Go Back   Forno Bravo Forum: The Wood-Fired Oven Community > Brick Oven Cooking > What You Cooked Last Night

Like Tree3Likes

Reply
 
LinkBack Thread Tools Display Modes
  #1  
Old 02-24-2014, 12:44 PM
Apprentice
 
Join Date: Oct 2012
Location: Pacific Northwest
Posts: 149
Default Sea Salt

I make my own sea salt... after the bake when there is no 'juice' left for cooking it is a perfect time to do the final drying of my salt... gets it just right...nice and fluffy.
Attached Thumbnails
Sea Salt-pacific-pure.jpg  
cobblerdave likes this.
Reply With Quote
  #2  
Old 02-24-2014, 01:31 PM
nissanneill's Avatar
Il Pizzaiolo
 
Join Date: Apr 2007
Location: Adelaide, South Australia
Posts: 1,870
Thumbs up Re: Sea Salt

Great idea,
do you just get a container of sea water when down at the beach and place it in a large flat tray when the oven is too cool to bake?
If so, it makes the most of the residual heat.

Neill
__________________
Prevention is better than cure, - do it right the first time!

The more I learn, the more I realise how little I know


Neillís Pompeiii #1

To view links or images in signatures your post count must be 0 or greater. You currently have 0 posts.

Neillís kitchen underway

To view links or images in signatures your post count must be 0 or greater. You currently have 0 posts.
Reply With Quote
  #3  
Old 02-24-2014, 01:48 PM
Apprentice
 
Join Date: Oct 2012
Location: Pacific Northwest
Posts: 149
Default Re: Sea Salt

The oven is used for the last step when the salt is removed from the bitterns... it is still 'wet'... so I spread it on glass trays and put in in the WFO for the final drying. I heat my house with a wood stove so in the winter I use a glass tray on a rack on the top of the oven to do the evaporation ( never boil )... the photo shows what you get from about 5 gallons of sea water... the sea is definitely salty. It makes an exquisite finishing salt... but I use it for everything.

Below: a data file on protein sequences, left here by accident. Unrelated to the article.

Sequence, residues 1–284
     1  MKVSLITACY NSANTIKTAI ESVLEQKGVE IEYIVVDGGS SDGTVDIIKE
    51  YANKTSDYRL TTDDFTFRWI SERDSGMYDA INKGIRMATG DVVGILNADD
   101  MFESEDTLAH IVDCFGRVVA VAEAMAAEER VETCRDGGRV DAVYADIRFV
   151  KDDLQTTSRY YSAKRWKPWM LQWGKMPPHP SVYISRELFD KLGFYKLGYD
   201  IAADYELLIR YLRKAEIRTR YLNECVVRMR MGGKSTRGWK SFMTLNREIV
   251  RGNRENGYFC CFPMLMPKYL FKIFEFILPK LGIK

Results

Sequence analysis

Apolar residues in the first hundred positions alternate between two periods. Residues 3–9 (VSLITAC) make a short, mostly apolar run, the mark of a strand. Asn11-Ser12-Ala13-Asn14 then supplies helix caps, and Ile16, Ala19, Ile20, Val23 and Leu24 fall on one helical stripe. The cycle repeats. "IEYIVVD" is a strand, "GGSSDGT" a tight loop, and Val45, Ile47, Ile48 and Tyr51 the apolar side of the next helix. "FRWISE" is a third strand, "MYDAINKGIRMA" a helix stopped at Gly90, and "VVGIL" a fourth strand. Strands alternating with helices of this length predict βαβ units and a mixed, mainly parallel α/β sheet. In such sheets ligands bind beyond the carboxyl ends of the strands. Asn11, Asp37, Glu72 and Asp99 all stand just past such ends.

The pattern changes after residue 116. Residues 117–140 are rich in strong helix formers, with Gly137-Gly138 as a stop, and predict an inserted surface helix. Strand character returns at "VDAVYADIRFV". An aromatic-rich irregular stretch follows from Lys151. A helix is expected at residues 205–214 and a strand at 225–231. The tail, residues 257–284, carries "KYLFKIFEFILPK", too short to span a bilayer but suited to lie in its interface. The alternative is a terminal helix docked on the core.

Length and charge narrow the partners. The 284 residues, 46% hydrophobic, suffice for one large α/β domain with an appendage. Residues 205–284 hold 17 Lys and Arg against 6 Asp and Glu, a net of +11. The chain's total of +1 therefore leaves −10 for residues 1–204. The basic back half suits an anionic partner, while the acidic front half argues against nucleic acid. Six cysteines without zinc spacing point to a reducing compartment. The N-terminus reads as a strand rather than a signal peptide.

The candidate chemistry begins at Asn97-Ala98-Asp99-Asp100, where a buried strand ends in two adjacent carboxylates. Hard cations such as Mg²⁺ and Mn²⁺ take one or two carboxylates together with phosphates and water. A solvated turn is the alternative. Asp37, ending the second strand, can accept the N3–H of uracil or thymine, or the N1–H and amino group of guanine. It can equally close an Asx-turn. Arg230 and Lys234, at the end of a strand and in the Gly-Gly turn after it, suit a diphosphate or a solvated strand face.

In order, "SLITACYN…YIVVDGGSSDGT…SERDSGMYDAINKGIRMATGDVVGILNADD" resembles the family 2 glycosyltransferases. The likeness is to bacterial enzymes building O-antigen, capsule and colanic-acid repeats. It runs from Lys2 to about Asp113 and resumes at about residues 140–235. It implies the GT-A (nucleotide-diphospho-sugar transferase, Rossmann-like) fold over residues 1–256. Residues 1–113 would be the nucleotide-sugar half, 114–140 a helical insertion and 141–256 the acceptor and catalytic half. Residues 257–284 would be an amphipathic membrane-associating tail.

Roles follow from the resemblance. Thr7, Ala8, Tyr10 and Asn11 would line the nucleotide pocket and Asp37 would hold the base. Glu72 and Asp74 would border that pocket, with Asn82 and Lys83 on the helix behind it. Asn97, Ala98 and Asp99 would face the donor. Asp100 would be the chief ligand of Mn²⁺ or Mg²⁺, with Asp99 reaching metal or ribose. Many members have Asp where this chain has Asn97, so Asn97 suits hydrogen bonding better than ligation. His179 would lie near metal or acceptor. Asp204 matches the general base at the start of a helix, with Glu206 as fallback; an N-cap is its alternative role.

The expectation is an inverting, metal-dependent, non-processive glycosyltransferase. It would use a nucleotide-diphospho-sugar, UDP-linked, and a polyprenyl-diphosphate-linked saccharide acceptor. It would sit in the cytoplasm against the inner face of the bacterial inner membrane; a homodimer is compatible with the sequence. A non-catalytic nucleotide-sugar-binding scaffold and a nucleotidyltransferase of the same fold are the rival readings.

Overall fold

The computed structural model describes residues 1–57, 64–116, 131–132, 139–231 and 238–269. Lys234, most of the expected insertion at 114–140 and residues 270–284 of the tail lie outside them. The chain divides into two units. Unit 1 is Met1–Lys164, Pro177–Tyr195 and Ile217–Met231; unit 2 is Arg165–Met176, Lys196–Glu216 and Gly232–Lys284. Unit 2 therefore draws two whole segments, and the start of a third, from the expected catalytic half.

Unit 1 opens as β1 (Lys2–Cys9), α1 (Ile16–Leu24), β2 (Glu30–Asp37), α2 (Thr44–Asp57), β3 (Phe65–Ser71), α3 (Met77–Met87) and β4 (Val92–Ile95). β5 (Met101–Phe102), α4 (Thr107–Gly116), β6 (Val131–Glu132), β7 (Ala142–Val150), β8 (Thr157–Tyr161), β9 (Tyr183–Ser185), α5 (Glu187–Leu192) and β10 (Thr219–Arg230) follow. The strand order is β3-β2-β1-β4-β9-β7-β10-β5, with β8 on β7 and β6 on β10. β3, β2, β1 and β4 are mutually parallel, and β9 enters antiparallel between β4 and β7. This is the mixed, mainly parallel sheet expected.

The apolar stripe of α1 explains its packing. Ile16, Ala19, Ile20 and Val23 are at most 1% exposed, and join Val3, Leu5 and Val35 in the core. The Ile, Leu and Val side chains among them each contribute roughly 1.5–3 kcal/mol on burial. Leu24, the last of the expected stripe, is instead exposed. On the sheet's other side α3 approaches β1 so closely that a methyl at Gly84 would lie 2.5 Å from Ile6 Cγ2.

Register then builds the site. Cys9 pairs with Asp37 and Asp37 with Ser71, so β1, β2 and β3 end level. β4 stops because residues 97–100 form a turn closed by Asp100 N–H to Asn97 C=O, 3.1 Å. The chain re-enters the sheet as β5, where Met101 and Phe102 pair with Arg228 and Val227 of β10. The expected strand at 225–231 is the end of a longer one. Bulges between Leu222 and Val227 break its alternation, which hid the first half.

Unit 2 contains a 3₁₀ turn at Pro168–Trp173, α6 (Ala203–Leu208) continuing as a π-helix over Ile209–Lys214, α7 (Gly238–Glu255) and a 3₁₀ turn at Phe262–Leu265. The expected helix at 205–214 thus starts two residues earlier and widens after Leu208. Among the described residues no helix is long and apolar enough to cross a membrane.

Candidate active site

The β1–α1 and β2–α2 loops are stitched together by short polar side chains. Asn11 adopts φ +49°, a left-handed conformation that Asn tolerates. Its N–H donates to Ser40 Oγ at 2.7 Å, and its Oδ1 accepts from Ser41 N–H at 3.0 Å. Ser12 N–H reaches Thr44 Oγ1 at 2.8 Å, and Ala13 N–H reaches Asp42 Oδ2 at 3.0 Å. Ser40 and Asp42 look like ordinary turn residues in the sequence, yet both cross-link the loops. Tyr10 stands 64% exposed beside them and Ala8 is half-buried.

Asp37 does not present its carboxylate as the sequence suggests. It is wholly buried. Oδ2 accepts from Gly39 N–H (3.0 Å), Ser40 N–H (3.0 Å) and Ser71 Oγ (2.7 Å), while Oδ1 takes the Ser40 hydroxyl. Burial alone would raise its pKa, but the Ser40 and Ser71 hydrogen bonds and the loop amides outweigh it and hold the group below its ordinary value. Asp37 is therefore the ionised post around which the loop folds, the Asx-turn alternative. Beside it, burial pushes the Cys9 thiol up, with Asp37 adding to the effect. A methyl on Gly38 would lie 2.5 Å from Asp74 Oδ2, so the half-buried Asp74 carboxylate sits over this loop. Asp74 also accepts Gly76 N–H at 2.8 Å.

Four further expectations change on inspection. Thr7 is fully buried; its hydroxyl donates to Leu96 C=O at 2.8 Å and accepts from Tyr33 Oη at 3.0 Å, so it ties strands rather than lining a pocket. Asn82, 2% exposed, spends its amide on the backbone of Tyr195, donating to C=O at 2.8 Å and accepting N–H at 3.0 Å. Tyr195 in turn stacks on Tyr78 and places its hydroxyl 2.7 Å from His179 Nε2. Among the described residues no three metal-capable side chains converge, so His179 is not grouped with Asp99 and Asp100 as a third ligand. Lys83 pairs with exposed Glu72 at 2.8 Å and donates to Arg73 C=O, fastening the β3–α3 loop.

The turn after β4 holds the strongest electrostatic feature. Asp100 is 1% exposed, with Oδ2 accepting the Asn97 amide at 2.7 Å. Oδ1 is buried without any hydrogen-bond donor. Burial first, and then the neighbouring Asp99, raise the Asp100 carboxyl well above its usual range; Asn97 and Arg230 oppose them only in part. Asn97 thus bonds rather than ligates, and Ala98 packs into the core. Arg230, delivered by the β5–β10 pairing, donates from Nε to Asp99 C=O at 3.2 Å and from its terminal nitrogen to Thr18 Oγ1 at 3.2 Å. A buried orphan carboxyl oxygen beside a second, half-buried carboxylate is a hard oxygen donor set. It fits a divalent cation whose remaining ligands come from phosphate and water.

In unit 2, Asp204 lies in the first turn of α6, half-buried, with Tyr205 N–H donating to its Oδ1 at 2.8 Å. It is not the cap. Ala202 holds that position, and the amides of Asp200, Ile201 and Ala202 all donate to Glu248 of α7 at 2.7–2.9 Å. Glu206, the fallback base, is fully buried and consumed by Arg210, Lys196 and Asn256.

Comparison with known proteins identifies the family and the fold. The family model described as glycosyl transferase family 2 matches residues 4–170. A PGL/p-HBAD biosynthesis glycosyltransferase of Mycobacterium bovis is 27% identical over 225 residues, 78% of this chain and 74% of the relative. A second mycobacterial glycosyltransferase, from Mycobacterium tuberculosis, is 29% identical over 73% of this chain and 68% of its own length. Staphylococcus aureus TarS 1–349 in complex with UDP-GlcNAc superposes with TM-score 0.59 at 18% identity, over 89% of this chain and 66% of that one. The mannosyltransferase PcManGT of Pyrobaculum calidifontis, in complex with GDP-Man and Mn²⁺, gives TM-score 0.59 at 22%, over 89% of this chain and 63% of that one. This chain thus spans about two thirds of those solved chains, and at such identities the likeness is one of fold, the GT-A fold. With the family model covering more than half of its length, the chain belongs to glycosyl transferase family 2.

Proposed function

Reply With Quote
  #4  
Old 02-24-2014, 04:50 PM
UtahBeehiver's Avatar
Il Pizzaiolo
 
Join Date: May 2012
Location: Salt Lake City, Utah
Posts: 1,875
Default Re: Sea Salt

Amazing that much salt from 5 gallons of sea water. Very nice. I have the Great Salt Lake here is Utah but I do not think I would trust the water out there to be very pure............I guess I will continue to buy my sea salt at Costco.
__________________
Russell

Experiences are the names I call my mistakes!

Link to my build -
To view links or images in signatures your post count must be 0 or greater. You currently have 0 posts.


My Picassa Picture Log
To view links or images in signatures your post count must be 0 or greater. You currently have 0 posts.
Reply With Quote
  #5  
Old 02-24-2014, 05:01 PM
Serf
 
Join Date: Jan 2014
Location: Thailand
Posts: 24
Default Re: Sea Salt

Never thought of this, great idea. Near my wife's hometown in Thailand they "mine" sea salt and sell along the road. Like Annie said it's full of water when you buy a bag of it. Not sure of the price after drying it out but I expect it to work out to somewhere around 25 cents per pound. Sea salt in the store, "brand name" is fairly expensive here..

Last edited by mmissler; 02-24-2014 at 05:08 PM.
Reply With Quote
  #6  
Old 02-24-2014, 05:29 PM
Apprentice
 
Join Date: Oct 2012
Location: Pacific Northwest
Posts: 149
Default Re: Sea Salt

Some gourmet rare salts from Japan can go as high as $100 a pound... prime fleur de sel usually sells for $60 a pound.

I sell my salt to a few chefs (give it away to friends )... mine is like flakes of filo composed of little pyramids... it has a good crunch then a fast mouth melt. A simple special thing to do & enjoy.
Reply With Quote
  #7  
Old 02-24-2014, 10:39 PM
Serf
 
Join Date: Jan 2014
Location: Thailand
Posts: 24
Default Re: Sea Salt